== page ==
He recently published a pilot clinical trial looking for patients with BRAF-mutant thyroid cancers, refractory to radioactive iodine (NCT02456701). What was the rationale for this trial and what key data emerged regarding the efficacy of the combination? (Table 2)two

My colleagues and I showed that in BRAF-mutant thyroid cancers, [first-generation] BRAF inhibitors can be quite effective for a subset of patients where you can take tumors that are no longer radioactive iodine avid and make them radioactive iodine avid, making it an effective treatment again. But like all approaches, it was perfect because it’s only a subset of patients.

The idea behind evaluating different combinations is to see if we can increase the effectiveness and expand [the] use [of the available agents] to more patients with BRAF-mutant thyroid cancer. CDX-3379 targets HER3 and we have preclinical data showing that when it treats BRAF-mutant thyroid cancers with BRAF inhibitors, can elicit upregulation of HER3 signaling. If you could override that, you can get more potent inhibition of the very pathways we want to inhibit to restore iodine avidity.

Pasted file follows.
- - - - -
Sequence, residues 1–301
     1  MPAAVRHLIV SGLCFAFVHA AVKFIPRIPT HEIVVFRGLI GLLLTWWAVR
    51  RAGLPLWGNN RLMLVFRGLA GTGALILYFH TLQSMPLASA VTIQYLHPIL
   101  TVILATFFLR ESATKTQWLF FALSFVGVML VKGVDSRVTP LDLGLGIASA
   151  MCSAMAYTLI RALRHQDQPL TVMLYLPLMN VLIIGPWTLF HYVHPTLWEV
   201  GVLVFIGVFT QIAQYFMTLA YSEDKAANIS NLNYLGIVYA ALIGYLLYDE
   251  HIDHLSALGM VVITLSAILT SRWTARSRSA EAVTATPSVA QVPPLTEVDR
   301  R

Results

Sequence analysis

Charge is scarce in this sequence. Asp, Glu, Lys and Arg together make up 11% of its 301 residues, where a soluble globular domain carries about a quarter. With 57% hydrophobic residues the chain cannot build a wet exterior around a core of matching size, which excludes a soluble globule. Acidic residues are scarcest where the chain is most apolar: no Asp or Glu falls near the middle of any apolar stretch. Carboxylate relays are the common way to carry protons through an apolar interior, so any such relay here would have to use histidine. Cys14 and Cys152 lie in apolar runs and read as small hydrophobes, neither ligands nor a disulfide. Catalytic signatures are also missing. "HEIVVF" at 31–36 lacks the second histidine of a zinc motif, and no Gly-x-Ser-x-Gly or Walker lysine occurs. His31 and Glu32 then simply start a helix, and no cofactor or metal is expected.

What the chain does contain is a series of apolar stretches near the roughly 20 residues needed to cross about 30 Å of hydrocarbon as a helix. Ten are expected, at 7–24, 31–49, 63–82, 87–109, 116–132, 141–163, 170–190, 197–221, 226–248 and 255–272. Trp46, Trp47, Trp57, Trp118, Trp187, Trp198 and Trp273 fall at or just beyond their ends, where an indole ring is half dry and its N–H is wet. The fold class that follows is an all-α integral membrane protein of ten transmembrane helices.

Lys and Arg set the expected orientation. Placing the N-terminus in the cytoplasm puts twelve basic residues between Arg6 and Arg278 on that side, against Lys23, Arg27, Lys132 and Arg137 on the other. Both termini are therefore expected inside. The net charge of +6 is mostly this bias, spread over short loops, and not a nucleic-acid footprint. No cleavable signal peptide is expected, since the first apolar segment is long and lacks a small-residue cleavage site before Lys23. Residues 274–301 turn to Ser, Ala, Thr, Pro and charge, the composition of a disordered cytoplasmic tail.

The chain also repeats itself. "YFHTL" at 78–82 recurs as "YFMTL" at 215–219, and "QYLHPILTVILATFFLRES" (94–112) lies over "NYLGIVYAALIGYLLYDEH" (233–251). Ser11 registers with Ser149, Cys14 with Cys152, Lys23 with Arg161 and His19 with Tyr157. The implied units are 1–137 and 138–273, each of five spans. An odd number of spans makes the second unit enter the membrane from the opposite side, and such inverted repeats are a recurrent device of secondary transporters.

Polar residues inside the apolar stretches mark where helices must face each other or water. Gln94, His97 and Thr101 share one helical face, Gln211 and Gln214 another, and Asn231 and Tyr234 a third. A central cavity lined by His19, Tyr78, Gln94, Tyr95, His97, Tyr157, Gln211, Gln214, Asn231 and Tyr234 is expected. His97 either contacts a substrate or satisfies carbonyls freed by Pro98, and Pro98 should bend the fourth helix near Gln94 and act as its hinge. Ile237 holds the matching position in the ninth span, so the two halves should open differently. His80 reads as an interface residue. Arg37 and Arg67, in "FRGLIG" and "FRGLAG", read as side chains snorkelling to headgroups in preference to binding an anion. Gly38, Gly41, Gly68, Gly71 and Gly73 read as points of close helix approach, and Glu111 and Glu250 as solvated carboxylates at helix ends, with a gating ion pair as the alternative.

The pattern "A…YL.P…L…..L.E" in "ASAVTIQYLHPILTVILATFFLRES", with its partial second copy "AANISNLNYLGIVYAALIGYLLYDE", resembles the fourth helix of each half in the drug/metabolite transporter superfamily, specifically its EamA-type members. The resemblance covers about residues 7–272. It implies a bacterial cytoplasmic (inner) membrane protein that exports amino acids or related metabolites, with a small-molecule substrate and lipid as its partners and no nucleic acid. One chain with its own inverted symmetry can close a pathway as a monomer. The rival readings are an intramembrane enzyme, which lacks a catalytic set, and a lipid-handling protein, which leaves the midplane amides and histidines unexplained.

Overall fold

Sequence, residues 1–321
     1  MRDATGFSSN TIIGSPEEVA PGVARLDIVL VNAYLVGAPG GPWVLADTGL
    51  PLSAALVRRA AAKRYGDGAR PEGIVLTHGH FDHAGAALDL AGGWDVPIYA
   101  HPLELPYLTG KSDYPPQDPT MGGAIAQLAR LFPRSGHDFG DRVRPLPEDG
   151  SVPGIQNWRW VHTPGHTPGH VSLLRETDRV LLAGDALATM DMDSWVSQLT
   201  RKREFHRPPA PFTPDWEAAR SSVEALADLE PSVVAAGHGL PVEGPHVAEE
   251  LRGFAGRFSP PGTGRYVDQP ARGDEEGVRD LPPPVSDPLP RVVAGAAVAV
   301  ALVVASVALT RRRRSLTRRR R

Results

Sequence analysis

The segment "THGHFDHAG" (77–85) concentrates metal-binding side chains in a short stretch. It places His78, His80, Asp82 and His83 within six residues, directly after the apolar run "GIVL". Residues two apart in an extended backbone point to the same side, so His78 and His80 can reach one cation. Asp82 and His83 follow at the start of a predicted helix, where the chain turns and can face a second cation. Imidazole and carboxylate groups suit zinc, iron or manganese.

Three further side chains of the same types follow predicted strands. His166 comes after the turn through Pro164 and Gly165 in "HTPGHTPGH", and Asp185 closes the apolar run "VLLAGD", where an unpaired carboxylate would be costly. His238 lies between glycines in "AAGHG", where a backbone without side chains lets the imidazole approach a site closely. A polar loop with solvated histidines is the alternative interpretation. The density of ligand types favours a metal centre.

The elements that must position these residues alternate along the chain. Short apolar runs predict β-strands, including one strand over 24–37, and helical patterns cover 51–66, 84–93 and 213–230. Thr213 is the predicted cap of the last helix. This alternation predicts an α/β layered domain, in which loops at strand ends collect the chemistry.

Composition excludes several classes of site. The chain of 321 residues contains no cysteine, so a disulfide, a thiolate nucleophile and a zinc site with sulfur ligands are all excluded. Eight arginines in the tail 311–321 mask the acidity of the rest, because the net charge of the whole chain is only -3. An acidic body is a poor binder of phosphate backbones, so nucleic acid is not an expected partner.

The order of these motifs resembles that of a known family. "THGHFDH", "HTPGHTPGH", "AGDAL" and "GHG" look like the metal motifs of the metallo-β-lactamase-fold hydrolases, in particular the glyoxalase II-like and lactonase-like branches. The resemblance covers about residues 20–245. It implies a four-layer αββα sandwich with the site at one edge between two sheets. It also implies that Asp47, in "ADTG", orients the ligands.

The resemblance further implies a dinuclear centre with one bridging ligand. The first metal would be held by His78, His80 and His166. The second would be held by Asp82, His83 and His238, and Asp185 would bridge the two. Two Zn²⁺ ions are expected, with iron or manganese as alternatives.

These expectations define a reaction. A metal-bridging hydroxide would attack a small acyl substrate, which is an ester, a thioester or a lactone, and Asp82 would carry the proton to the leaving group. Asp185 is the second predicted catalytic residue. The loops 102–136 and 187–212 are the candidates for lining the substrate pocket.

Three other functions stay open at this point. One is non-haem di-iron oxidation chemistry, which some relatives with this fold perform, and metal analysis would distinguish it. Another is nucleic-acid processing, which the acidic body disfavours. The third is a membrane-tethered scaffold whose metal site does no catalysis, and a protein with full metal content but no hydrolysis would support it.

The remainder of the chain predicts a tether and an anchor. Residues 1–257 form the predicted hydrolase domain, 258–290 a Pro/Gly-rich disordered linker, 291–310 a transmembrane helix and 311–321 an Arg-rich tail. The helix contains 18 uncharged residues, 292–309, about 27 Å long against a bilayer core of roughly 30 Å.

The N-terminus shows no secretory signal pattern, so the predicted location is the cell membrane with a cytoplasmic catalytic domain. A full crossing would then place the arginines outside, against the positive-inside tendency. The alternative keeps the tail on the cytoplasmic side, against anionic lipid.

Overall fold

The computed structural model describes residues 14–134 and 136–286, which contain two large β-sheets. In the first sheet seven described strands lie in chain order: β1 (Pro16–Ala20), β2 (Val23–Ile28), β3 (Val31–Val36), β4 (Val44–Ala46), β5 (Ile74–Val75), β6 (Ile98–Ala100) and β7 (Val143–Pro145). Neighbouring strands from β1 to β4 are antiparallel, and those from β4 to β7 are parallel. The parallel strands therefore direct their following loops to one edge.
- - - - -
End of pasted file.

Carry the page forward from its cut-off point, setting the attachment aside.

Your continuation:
This trial was a very small pilot trial, 6 patients with BRAF-mutant [disease]and we were able to show that the combination [of vemurafenib and CDX-3379] it was safe and that we had good efficiency in terms of restoring redifferentiation. What is needed in that field are larger studies and randomized trials to demonstrate the efficacy of redifferentiation for refractory patients, as well as randomized comparisons to learn that these combinations are better than single agents.

What is the importance of multidisciplinary management in this disease? Who else may be involved in the patient’s treatment besides medical oncologists?

Multidisciplinary management is essential for patients with advanced thyroid cancers. First of all, it is the surgeons who, of course, are important for the initial control of locally advanced diseases. Even for patients with tumors in dangerous locations, surgeries can sometimes be considered.